University of Glasgow Pioneers Framework to Eliminate Gender Bias in Healthcare AI


  • The University of Glasgow is tackling gender bias in healthcare AI, developing a new framework over 18 months to balance gender-related behavior in remote monitoring AI systems.
  • Radar sensors will collect data from 30 male and 30 female volunteers, training separate AI models for direct comparison, aiming to identify and adjust biases in AI functionality.
  • The initiative, funded by Université Paris Dauphine-PSL, responds to concerns about gender bias in AI, particularly exemplified in a 2019 case where chatbots showed differing diagnoses for identical symptoms in male and female patients.

The University of Glasgow is set to tackle gender bias in healthcare artificial intelligence (AI). Over the next 18 months, the prestigious Scottish institution will spearhead the development of a new framework to rectify gender-related discrepancies in AI systems used to assess data collected by remote monitoring technologies.

The research project, led by Dr. Nour Ghadban, the principal investigator, will involve collecting data from 30 male and 30 female study volunteers using radar sensors. The unique approach will train separate AI models on male and female data, allowing for a direct comparison of their performance. This methodology will pinpoint any biases embedded in the AI functions, paving the way for subsequent adjustments.

Dr. Ghadban emphasizes the potential transformative impact of integrating new sensors with AI on patient monitoring. However, the success of these innovations hinges on ensuring that AI systems are free from biases rooted in race, class, and, notably, gender. The research initiative underscores the meticulous care required during the training of AI systems on real-world data to prevent the unwitting incorporation of human bias.

Funding and AI-supported sensing technology developments

Generously funded by the Women and Science Chair at Université Paris Dauphine-PSL, this research aligns with recent strides in AI-supported sensing technology. The University of Glasgow stands at the forefront of institutions developing cutting-edge sensors designed to monitor heart and lung rhythms without the need for wearable technology or video cameras.

The university’s ambitious £5.5 million Healthcare QUEST system is a testament to its commitment to advancing healthcare technology. This remote technology utilizes sensors to offer personalized advice and alerts, suggesting lifestyle improvements and rehabilitation programs for those recovering from illness at home. With the potential to enhance the independence of older individuals and provide additional insights into patients’ well-being in hospital wards, Healthcare QUEST emerges as a promising leap forward in healthcare technology.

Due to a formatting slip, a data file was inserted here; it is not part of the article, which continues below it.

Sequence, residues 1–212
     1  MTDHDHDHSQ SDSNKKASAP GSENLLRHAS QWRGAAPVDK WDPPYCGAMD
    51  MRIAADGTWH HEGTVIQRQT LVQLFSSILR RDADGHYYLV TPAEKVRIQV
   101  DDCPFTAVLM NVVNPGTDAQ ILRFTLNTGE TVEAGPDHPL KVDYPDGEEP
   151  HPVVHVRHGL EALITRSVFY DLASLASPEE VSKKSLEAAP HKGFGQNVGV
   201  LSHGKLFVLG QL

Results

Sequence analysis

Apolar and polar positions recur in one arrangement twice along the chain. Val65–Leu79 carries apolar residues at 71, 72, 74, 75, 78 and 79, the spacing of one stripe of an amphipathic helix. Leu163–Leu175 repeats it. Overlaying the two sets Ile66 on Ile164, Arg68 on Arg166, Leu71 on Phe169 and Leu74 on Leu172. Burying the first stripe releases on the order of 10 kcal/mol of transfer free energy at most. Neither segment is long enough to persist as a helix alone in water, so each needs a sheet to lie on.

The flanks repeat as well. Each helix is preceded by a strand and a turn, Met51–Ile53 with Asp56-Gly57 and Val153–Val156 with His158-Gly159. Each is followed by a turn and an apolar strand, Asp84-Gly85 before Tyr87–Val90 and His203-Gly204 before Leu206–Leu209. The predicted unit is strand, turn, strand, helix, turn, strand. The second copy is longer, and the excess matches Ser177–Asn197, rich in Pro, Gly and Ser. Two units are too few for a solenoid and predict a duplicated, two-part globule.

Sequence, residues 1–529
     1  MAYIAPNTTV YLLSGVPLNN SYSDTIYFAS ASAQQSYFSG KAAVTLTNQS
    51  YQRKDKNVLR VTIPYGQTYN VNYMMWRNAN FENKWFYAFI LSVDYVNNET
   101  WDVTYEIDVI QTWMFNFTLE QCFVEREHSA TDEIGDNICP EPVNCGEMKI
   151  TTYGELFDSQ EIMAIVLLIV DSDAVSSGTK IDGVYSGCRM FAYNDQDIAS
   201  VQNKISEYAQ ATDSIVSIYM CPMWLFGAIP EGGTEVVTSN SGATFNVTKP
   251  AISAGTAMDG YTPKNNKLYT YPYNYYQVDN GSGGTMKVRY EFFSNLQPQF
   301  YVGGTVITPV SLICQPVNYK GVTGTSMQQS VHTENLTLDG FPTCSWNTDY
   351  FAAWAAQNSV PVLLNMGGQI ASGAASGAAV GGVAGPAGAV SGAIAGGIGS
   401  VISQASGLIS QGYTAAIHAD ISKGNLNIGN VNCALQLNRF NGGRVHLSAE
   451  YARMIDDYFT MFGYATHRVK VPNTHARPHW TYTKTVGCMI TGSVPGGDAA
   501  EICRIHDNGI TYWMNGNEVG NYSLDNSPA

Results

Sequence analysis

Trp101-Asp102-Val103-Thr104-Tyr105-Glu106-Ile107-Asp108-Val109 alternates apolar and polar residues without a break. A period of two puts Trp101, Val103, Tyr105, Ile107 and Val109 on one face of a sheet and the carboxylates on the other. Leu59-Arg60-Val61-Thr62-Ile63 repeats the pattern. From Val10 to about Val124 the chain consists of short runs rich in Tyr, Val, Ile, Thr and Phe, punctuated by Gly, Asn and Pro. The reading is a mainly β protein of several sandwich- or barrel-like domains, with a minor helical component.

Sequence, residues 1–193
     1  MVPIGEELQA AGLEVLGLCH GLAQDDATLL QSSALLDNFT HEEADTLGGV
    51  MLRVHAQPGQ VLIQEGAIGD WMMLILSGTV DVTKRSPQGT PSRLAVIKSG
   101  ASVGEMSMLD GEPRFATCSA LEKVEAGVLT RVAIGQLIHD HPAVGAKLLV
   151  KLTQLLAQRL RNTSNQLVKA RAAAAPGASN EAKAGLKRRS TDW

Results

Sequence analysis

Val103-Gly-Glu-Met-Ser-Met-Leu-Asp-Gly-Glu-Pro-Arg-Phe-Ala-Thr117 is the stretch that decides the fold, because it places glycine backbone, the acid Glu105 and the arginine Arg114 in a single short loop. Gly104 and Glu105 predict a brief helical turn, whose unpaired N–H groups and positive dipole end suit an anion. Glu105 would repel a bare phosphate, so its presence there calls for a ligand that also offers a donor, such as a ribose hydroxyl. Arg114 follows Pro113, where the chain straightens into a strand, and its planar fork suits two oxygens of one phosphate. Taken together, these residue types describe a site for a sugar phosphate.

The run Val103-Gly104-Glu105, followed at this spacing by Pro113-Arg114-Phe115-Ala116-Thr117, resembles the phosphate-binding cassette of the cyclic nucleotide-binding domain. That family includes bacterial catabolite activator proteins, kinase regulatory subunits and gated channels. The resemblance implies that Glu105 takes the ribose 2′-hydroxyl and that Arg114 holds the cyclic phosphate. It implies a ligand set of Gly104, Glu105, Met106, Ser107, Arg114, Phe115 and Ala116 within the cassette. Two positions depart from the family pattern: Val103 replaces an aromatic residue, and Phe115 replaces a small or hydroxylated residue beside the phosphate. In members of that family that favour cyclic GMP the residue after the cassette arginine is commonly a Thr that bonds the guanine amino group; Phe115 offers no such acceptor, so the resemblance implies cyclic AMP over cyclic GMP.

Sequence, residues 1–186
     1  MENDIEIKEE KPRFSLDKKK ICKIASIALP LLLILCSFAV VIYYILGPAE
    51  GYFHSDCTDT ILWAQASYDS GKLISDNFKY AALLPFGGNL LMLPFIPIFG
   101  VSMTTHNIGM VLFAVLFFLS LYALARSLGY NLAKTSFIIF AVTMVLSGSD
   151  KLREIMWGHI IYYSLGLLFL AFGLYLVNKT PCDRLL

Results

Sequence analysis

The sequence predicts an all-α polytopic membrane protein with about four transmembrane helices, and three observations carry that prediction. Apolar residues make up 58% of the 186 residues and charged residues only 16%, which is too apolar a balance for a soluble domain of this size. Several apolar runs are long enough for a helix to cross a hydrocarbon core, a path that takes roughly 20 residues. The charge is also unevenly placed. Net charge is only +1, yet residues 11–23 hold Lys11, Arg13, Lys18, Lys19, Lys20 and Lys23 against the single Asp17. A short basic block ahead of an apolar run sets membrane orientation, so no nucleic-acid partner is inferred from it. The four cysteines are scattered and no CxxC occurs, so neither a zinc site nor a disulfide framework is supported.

Addressing historical concerns: Mitigating gender bias in AI systems

Growing concerns about gender bias in AI systems have permeated the healthcare landscape. A stark example arose in 2019 when chatbot technology employed by the remote NHS GP at Hand displayed disparate diagnoses for identical symptoms in male and female patients. Men were warned of a possible heart attack, while women were advised they were likely experiencing depression or a panic attack. The revelation highlighted the urgent need for comprehensive efforts to eliminate biases that could impact healthcare outcomes.

The University of Glasgow’s commitment to dismantling gender bias in healthcare AI holds promising implications for the future. As AI plays a pivotal role in patient monitoring and diagnosis, ensuring unbiased decision-making tools becomes paramount. The gender-specific AI model training approach adopted by the university sets a precedent for meticulous scrutiny and adjustment, serving as a model for other institutions navigating the intricate realm of AI in healthcare.

The University of Glasgow’s initiative signifies a bold step towards a future where AI in healthcare is devoid of gender bias. With its innovative framework and commitment to meticulous data collection and analysis, the university is spearheading a movement that could revolutionize how we harness AI for patient well-being. As advancements continue, the broader healthcare community will undoubtedly benefit from the lessons learned and methodologies developed in this pioneering research endeavor.

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Brenda Kanana

Brenda Kanana is an accomplished and passionate writer specializing in the fascinating world of cryptocurrencies, Blockchain, NFT, and Artificial Intelligence (AI). With a profound understanding of blockchain technology and its implications, she is dedicated to demystifying complex concepts and delivering valuable insights to readers.

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